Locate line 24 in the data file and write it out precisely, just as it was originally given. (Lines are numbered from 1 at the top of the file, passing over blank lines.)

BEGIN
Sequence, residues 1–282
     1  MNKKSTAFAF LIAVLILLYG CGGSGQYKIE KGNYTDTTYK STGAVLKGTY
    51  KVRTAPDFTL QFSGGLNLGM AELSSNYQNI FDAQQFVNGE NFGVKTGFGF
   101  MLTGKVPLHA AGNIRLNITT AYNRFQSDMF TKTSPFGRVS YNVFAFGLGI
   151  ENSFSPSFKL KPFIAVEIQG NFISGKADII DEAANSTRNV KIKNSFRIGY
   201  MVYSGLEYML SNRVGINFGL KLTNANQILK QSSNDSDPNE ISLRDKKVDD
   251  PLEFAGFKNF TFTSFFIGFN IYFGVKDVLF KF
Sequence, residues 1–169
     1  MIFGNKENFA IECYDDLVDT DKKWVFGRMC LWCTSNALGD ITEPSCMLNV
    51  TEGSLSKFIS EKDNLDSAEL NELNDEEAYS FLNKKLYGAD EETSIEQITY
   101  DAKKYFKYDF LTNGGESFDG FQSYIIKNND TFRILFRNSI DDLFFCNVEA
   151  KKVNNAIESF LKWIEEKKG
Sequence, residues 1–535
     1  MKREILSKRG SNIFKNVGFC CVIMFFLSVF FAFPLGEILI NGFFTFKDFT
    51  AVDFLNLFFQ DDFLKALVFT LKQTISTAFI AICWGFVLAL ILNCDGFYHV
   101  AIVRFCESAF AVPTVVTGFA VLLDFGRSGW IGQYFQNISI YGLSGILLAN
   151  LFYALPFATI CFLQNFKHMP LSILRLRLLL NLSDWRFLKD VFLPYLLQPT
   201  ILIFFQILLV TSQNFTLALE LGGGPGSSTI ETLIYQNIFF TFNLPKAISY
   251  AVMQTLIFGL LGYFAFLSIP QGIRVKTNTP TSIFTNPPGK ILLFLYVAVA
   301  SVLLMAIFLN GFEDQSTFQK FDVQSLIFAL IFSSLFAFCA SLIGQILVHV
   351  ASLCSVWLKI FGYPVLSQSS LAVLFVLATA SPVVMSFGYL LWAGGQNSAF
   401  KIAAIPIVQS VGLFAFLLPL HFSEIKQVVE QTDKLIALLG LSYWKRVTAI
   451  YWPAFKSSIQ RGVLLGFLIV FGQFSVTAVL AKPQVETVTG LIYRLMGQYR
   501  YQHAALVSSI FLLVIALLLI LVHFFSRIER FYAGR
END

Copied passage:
   501  YQHAALVSSI FLLVIALLLI LVHFFSRIER FYAGR